ACE Introduces Broader Coverage to Protect Against Operational Environmental Risks
Business Wire

March 17, 2015

Streamlined Premises Pollution Liability Policy Includes: Built-in Coverage for First-Party Business Interruption, Catastrophe Management, Emergency Response Costs and Access to ACE ALERTSM

PHILADELPHIA–(BUSINESS WIRE)– ACE Group today announced the enhancement of its Premises Pollution Liability (PPL) and Premises Pollution Liability Portfolio (PPL Port) Insurance policies to provide additional coverages for growing environmental day-to-day operational exposures faced by both domestic and multinational businesses. Additionally, the enhanced PPL and PPL Port coverages have been redesigned to accommodate industry-specific endorsements that provide specific coverage for Healthcare, Public and Educational Entities and U.S. Multinational businesses to address a variety of residential, commercial, retail and industrial risks. Each new policy will receive access to ACE ALERTSM (ACE Logistical Environmental Response Technology) — ACE’s complimentary program that offers 24/7 immediate support for environmental releases of hazardous materials and other regulated substances.

The ACE USA Environmental Risk Premises Pollution Liability policies serve stakeholders in residential, commercial, retail and industrial facilities. Insurance coverage is provided with limits up to $50 million and with a minimum premium of $10,000.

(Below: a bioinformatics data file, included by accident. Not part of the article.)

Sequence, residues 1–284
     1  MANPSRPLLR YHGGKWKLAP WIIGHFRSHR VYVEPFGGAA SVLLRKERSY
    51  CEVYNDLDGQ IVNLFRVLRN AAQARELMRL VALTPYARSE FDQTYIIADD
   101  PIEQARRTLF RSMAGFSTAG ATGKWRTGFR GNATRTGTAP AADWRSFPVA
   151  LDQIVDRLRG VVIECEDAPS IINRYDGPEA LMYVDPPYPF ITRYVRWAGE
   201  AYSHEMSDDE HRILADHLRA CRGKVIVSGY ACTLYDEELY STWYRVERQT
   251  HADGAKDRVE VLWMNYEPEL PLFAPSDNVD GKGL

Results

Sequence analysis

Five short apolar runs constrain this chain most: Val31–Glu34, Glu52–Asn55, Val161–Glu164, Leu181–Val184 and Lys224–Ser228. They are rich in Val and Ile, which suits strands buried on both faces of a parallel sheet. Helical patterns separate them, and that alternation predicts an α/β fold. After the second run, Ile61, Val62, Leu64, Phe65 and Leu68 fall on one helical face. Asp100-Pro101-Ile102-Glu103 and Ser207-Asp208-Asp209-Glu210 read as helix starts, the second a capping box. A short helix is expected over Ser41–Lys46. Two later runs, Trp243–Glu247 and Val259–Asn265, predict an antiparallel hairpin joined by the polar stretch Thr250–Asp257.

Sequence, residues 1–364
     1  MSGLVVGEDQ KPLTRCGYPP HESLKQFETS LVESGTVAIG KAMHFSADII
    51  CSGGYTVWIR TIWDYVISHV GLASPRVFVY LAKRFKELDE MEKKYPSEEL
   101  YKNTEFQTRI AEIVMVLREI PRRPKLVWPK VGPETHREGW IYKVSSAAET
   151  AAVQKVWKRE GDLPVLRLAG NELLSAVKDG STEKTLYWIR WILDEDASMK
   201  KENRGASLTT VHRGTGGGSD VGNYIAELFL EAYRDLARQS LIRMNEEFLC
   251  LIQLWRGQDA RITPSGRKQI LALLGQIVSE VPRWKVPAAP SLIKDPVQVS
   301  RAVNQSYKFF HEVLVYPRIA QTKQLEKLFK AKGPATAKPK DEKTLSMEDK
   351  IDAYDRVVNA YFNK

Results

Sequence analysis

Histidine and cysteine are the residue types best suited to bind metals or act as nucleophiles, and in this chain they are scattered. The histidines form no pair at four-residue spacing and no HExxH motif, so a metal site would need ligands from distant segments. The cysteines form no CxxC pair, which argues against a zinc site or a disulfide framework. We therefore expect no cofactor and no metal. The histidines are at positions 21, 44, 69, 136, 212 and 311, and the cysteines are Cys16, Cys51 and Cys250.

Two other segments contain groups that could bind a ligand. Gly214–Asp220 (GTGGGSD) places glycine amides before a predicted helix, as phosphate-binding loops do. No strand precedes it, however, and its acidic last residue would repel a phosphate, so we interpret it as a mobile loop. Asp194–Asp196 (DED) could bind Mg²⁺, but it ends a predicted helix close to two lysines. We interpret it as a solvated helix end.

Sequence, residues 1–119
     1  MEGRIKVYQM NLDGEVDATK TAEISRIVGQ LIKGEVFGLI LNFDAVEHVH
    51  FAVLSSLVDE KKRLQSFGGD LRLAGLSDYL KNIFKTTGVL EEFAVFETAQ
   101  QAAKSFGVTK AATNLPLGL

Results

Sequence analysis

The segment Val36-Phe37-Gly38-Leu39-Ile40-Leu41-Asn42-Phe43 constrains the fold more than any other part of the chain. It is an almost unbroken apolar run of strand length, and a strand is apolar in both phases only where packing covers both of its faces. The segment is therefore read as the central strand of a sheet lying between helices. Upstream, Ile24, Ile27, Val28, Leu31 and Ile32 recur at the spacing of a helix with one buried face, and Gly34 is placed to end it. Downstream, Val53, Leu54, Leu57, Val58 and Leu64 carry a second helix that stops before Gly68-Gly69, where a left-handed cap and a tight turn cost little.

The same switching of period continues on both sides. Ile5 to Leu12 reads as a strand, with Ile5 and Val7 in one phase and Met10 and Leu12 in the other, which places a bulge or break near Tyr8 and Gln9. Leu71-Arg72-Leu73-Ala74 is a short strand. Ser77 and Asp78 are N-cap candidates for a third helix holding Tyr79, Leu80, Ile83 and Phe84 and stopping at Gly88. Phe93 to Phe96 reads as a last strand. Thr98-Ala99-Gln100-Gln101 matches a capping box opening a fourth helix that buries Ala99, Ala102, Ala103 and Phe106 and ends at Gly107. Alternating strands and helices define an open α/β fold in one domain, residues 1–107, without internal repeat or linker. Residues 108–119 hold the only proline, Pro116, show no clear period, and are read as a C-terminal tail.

Key features of the base PPL policy include:

  • Coverage for identified sites within the United States (coverage for international jurisdictions is available by endorsement)
  • Third-party liability coverage for Bodily Injury and Property Damage, including Natural Resource Damages
  • Remediation expenses covered for both on-site releases and off-site migration

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Will Massachusetts’ New UST Regulations Be A Game Changer?

Mintz, Levin, Cohn, Ferris, Glovsky and Popeo, P.C.
Brian P. Moran

March 3, 2015

You can bet on it! The Massachusetts Department of Environmental Protection (DEP) issued a new set of regulations effective January 2, 2015 that will create major burdens for underground storage tank (UST) owners and operators. These regulations, codified as 310 CMR 80.00, contain expansive requirements that apply to USTs containing motor fuel, large heating oil tanks, and emergency generator tanks, and govern the design, installation, maintenance, operation, record-keeping, transfer, and removal of USTs.

For tank owners and operators, the new rules will make UST compliance more difficult, requiring greater effort and coordination, and significant increases in annual compliance costs. The top issues tank owners and operators will face include:

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CERCLA’s Confusion Between Section 107 And Section 113

Foley Hoag LLP
Robert S. Sanoff

February 27, 2015